The development of the Paulding County Sheriff’s Office SWAT Team began in 1998 with fourteen deputies. The team was formulated in response to the increase in violent crimes and the greater sophistication of the criminal element. As the criminals became armed with greater firepower and variety of weapons, an immediate response by local law enforcement was required.
Over the years, the team has grown to over 20 team members including tactical entry members, tactical marksmen, explosive breachers, a gas team, and logistics team.
S.W.A.T. stands for Special Weapons and Tactics. Many teams in recent years have moved away from this title, because of what they see as a negative connotation attached to this term. Some now call themselves S.R.T., (Special Response Team), or E.R.T. (Emergency Response Team). Our team was originated with the title of S.R.T., and we have chosen S.W.A.T.
Numerous misconceptions exist around the S.W.A.T. philosophy. One of the primary misconceptions is that when S.W.A.T. responds to an incident, the use of deadly force is eminent or at least highly likely. This misconception was refuted in a study conducted by the National Tactical Officers Association, which revealed that agencies with S.W.A.T. Teams actually had less incidents of the use of deadly force than agencies without this capability. One of the reasons for this is the increased variety of special equipment and tools available to S.W.A.T., which allow the resolution of high-risk scenarios without the use of lethal force.
Our team trains for at least 4 hours every week. The tactical marksmen train for 4 hours additionally each month. Training varies to the needs of the team. Whether it be advanced firearms training or entry training, SWAT always trains and maintains a state of readiness, ready to respond when citizens need them most.
Team Members often seek out more advanced training in addition to their routine duties. Team Members have acquired and mastered skills in areas such as: explosives (breaching), gas/less lethal munitions, rappelling, countersniper tactics, advanced firearms tactics, search and rescue, and many more.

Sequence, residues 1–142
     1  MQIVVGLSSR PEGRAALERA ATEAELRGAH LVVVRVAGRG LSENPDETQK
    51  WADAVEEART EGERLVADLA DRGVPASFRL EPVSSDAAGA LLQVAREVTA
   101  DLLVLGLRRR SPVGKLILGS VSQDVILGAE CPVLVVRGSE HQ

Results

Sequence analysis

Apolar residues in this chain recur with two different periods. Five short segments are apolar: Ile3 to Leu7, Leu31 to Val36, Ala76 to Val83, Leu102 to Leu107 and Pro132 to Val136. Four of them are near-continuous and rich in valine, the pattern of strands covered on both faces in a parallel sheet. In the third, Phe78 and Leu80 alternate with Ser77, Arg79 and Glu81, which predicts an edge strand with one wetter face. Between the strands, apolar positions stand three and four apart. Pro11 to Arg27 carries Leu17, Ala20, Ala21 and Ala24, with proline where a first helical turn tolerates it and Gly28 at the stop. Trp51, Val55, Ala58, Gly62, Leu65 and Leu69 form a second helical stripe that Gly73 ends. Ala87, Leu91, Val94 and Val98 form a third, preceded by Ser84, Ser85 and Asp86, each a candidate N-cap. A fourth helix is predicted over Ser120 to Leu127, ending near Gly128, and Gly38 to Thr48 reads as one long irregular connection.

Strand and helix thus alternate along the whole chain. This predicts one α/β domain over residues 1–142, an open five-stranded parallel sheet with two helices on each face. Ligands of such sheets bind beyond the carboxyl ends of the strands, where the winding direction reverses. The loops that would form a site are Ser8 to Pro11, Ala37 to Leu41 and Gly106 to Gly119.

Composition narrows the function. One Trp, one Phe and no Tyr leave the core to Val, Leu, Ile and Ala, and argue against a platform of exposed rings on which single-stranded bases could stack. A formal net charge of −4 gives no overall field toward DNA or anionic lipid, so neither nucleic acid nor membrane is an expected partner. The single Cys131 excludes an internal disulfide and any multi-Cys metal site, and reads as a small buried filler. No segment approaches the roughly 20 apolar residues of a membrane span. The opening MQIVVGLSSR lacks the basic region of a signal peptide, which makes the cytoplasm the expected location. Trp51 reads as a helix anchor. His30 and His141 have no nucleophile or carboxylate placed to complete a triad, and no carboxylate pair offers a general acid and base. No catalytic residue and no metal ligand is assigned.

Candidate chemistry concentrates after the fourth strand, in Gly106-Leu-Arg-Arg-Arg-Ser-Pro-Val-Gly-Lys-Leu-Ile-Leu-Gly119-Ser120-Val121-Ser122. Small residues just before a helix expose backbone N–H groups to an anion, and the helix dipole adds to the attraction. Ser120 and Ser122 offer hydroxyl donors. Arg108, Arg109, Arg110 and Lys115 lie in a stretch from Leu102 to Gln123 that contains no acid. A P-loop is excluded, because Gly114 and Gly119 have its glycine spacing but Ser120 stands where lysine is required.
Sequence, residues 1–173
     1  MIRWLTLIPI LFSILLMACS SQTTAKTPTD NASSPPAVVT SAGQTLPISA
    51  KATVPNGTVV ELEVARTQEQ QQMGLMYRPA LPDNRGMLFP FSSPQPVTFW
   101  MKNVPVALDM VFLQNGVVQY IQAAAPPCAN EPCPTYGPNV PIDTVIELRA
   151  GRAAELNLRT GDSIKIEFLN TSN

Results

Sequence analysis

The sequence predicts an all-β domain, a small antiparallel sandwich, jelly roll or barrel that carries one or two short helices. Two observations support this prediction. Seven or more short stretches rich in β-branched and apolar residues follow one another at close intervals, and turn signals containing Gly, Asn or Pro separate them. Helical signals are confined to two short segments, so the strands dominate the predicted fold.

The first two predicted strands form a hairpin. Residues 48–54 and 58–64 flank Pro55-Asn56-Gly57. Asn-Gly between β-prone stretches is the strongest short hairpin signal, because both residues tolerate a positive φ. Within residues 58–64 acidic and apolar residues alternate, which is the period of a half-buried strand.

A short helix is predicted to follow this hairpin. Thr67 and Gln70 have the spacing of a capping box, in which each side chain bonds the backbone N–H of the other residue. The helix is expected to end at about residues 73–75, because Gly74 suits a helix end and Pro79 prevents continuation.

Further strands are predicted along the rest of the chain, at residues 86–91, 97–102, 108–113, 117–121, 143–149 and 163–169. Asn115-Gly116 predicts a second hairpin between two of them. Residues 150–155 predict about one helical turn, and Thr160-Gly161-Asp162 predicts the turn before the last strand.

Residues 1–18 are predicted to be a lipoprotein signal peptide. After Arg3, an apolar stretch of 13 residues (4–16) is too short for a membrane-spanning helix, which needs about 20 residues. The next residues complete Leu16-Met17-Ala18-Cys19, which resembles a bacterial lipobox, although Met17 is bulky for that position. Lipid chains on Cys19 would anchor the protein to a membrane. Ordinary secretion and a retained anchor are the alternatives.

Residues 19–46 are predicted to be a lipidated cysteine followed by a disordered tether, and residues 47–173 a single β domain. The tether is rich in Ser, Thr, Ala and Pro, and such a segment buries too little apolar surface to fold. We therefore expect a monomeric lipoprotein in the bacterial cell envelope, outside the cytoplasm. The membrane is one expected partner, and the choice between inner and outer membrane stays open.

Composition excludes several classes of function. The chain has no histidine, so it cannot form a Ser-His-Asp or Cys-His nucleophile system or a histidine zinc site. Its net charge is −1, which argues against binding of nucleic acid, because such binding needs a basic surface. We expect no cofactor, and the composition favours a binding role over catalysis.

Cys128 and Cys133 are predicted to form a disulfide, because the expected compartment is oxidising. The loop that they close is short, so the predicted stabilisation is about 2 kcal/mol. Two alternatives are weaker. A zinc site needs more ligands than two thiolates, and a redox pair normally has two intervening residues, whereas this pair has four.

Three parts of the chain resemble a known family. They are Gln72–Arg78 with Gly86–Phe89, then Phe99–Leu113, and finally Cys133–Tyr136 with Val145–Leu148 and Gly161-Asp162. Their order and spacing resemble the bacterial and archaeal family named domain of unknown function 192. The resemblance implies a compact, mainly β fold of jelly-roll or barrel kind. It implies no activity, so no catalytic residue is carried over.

The SWAT Team also utilizes and trains with some of the greatest technology available, always striving for peaceful resolutions without having to use force. Utilizing equipment such as drones, robots, and remote cameras, SWAT can gather as much information as possible before having to send a team of men in to harms way in order to bring a situation under control.
The SWAT Team comprises of various team members, or operators, who specialize in certain tactics. Those tactics generally fall in to one of three areas within the Team: Command, Entry, and Sniper.
The command portion of the SWAT Team is responsible for the overall direction of the SWAT Team. Team Commanders provide team members with mission objectives and are responsible for overall execution, ensuring the safest outcome possible. Team Commanders are veteran deputies and hold the rank of Lieutenant or higher. The SWAT Team is under the direction of Team Commander John Sheirling and Assistant Team Commander Randall Gravett.
The Entry Team is comprised of operators who are not only proficient in marksmanship, but also close quarters and dynamic entries. Team members utilize various tactics and some of the latest technology to swiftly and safely execute a mission when they’re tasked. Operators on entry have vast knowledge and specialties in areas such as gas munitions, explosive breaches, rappelling, close quarter combat, and more. The Entry Team is under the direction of Team Leader Mason Hurst and Assistant Team Leader Nathan Geyer.
The Sniper Team is comprised of operators who are skilled marksmen. Every team member is trained on various tactics, including entry tactics, but snipers take their training further and hone their marksmanship at long distances. The Sniper Team is under the direction of Team Leader James Bonnett and Assistant Team Leader Craig Cross.